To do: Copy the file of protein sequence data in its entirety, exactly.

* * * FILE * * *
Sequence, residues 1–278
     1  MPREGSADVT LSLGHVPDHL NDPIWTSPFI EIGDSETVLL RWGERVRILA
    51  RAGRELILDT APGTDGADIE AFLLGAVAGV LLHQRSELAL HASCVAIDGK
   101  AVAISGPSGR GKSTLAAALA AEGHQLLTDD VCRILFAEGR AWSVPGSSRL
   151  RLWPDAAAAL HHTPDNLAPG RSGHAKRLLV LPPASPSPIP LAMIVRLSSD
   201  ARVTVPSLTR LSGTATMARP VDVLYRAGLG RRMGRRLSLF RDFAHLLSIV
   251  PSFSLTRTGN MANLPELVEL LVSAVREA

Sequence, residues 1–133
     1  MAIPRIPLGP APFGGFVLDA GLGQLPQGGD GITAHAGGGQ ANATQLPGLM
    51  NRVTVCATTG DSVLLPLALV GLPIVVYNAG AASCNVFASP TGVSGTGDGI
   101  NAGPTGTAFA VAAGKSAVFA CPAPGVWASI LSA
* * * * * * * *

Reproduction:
Sequence, residues 1–278
     1  MPREGSADVT LSLGHVPDHL NDPIWTSPFI EIGDSETVLL RWGERVRILA
    51  RAGRELILDT APGTDGADIE AFLLGAVAGV LLHQRSELAL HASCVAIDGK
   101  AVAISGPSGR GKSTLAAALA AEGHQLLTDD VCRILFAEGR AWSVPGSSRL
   151  RLWPDAAAAL HHTPDNLAPG RSGHAKRLLV LPPASPSPIP LAMIVRLSSD
   201  ARVTVPSLTR LSGTATMARP VDVLYRAGLG RRMGRRLSLF RDFAHLLSIV
   251  PSFSLTRTGN MANLPELVEL LVSAVREA

Sequence, residues 1–133
     1  MAIPRIPLGP APFGGFVLDA GLGQLPQGGD GITAHAGGGQ ANATQLPGLM
    51  NRVTVCATTG DSVLLPLALV GLPIVVYNAG AASCNVFASP TGVSGTGDGI
   101  NAGPTGTAFA VAAGKSAVFA CPAPGVWASI LSA